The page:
February 15, 2011
Inspectors find Indiana tobacco sales to minors decline
February 15, 2011, last update: 2/15 @ 12:16 am
A statewide inspection program found the sale of tobacco products to minors hit an all-time low last year.
A partnership called the Tobacco Retailer Inspection Program said Monday that sales of tobacco products to teen-agers working with the program occurred in less than 4 percent of more than 8,400 inspections. The program is partnership between the Indiana Excise Police and the Indiana Prevention Resource Center at Indiana University in Bloomington.
In Indiana it is illegal for a clerk or a retail establishment to sell tobacco products to anyone under the age of 18.
When inspections began in 2000, they found 40 percent of retailers sold tobacco to minors. Sales have declined every year but one since then.
Jigme Norbu, nephew of Dalai Lama, killed along Florida highway
February 15, 2011, last update: 2/15 @ 7:46 am
PALM COAST, Fla. -- The Dalai Lama's nephew was killed Monday along a Florida highway during one of his long treks to bring awareness to the Tibetan struggle for independence from China, officials said.
Jigme K. Norbu, 45, of Bloomington, was hit by an SUV around 7:30 p.m. on State Road A1A along the state's eastern coast, the Florida Highway Patrol reported. Police released few other details.
According to www.ambassadorsforworldpeace.org, Norbu was on a Valentine's Day "Walk for Tibet" some 300 miles from St. Augustine south to West Palm Beach. Norbu, a Bloomington businessman, was the son of the Dalai Lama's late brother, Taktser Rinpoche, and has done similar walks several times, including one of 900 miles in 2009 from Indiana to New York. According to the web site, Norbu had traveled from Bloomington to Florida on Sunday in preparation for the walk, which began Monday.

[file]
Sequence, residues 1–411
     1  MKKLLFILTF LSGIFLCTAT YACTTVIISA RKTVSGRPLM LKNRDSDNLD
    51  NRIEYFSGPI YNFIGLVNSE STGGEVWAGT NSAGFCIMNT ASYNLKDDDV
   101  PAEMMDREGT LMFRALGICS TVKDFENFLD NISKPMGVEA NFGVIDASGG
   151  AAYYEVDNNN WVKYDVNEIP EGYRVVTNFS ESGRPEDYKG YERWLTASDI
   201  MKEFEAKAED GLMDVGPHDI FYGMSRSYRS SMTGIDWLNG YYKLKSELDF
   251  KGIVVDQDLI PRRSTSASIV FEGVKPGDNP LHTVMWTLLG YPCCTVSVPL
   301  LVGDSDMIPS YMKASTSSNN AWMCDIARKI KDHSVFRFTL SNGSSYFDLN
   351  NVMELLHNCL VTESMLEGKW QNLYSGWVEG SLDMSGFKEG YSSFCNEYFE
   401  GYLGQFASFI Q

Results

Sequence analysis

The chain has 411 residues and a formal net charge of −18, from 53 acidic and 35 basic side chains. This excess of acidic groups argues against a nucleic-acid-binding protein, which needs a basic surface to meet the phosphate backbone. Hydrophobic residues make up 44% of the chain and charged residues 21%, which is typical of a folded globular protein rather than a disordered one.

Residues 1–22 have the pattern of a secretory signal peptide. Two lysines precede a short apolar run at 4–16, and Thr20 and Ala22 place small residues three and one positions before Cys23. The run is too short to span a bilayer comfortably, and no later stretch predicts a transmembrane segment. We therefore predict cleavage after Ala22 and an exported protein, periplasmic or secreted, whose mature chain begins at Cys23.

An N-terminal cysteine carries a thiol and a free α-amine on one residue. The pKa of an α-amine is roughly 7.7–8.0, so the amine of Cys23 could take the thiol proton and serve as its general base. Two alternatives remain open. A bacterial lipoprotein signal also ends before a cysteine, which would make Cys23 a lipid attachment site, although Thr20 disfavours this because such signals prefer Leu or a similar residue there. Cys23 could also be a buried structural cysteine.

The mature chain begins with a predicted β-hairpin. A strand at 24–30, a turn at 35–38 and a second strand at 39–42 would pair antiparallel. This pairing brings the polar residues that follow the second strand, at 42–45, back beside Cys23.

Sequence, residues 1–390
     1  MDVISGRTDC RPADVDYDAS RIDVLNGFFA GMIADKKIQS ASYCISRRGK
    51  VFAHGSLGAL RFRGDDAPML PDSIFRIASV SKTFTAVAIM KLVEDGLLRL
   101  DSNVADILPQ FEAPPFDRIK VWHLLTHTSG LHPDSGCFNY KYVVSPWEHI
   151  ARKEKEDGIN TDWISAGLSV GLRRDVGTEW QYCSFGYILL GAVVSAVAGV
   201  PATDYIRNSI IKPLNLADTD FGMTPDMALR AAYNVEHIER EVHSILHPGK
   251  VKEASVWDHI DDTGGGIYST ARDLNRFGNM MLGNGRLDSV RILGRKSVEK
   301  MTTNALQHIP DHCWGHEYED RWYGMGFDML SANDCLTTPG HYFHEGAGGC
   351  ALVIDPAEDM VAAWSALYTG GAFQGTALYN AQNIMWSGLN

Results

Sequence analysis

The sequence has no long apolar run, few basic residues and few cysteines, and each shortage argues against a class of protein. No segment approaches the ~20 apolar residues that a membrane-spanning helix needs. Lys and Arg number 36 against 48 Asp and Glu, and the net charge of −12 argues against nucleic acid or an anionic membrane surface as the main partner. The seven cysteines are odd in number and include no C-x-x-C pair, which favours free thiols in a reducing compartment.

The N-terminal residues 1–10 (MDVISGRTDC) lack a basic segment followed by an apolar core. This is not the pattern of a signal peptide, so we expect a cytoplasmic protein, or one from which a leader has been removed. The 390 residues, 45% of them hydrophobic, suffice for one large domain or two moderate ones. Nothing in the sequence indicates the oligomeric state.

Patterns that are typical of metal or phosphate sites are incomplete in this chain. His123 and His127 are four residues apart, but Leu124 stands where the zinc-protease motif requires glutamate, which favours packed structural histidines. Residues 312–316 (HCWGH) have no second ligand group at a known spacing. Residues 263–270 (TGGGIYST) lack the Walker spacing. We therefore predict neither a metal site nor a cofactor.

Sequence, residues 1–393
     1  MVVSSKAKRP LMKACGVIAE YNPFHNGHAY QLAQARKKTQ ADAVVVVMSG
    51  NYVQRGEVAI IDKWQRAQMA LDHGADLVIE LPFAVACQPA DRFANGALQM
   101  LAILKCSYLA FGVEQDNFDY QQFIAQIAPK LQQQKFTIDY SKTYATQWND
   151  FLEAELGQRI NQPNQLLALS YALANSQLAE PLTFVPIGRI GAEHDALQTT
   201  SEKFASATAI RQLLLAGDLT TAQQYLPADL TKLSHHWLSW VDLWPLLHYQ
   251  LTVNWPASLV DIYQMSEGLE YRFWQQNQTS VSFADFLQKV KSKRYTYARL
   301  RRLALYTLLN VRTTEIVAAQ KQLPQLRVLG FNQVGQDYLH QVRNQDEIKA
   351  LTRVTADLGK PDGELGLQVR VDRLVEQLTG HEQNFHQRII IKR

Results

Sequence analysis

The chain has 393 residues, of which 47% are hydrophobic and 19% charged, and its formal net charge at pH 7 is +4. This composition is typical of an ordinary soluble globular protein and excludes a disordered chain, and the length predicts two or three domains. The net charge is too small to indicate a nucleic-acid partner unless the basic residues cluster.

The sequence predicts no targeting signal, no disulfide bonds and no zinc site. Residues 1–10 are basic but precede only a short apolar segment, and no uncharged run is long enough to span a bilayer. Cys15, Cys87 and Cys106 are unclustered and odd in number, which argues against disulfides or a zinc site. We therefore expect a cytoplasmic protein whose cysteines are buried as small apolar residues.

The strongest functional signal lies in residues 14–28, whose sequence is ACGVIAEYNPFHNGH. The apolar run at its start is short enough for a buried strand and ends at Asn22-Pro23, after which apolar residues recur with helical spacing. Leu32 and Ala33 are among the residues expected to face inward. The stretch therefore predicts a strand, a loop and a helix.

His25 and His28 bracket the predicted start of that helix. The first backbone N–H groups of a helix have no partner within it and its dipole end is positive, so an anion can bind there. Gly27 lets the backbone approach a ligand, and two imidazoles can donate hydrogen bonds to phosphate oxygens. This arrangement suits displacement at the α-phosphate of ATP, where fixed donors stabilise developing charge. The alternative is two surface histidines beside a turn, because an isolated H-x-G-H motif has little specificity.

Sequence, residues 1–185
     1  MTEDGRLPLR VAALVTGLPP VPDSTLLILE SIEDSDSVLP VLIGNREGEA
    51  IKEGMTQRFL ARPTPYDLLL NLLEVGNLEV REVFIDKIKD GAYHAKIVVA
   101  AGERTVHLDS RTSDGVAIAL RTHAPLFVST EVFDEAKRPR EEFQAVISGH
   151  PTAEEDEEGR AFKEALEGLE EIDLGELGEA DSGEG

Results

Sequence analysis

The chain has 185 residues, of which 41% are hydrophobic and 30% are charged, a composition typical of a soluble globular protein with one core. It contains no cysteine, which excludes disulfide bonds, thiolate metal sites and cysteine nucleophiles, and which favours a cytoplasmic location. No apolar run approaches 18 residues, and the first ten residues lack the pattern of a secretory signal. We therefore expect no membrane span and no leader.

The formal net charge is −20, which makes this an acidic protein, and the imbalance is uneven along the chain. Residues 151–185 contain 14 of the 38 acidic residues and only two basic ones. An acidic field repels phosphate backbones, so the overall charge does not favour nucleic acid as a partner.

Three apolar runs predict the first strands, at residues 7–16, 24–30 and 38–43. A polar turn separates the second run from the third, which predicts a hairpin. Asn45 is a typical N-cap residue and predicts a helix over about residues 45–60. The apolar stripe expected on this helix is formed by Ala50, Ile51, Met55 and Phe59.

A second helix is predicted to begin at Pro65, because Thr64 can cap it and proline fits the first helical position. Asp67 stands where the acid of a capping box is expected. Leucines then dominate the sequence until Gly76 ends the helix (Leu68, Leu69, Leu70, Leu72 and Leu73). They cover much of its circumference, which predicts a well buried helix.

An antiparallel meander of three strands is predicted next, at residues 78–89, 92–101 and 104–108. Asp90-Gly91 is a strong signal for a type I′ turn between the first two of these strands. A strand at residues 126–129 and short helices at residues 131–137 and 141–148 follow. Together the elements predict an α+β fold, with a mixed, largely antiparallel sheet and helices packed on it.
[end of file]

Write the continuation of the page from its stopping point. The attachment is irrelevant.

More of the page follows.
That walk marked the 50th anniversary of the failed Tibetan rebellion against Chinese rule that resulted in the exile of his uncle, who is Tibet's top spiritual leader.
Pierre Tristam, editor of www.flaglerlive.com, a community nonprofit news service that covers Flagler County, was on his way to a restaurant to interview Norbu and some of his companions about the walk when he noticed police lights on the highway close by.
He told The Associated Press he went to the scene to see what had happened and when he realized it was Norbu who had been killed, "I was floored."
He said Norbu was walking along the white line on the side of the dark highway when he was hit. The highway isn't lit, and Tristam didn't think the moon was out. In September, a dishwasher going home from the same restaurant where Norbu was headed was struck and killed on his bicycle along the highway, Tristam said.
Norbu was killed about 25 miles south of St. Augustine, where he had begun his journey with several others.
The SUV was driven by 31-year-old Keith R. O'Dell of Palm Coast, who had his two young children with him, according to the Highway Patrol's report. They were not injured. O'Dell was not charged.
Norbu's late father was a high lama who was abbot of a monastery when the Chinese invaded. The brothers fled into exile following the 1959 uprising.
Rinpoche, who died in September 2008 at 86, was a professor of Tibetan studies at Indiana University in Bloomington while serving as the Dalai Lama's U.S. representative. The Dalai Lama has visited Bloomington several times. The city about 50 miles southwest of Indianapolis is home to the Tibetan Mongolian Buddhist Cultural Center and Kumbum Chamtse Ling Temple.
China claims Tibet as part of its territory, but many Tibetans say Chinese rule deprives them of religious freedom. Beijing accuses the Dalai Lama of pushing for Tibetan autonomy and fomenting anti-Chinese protests.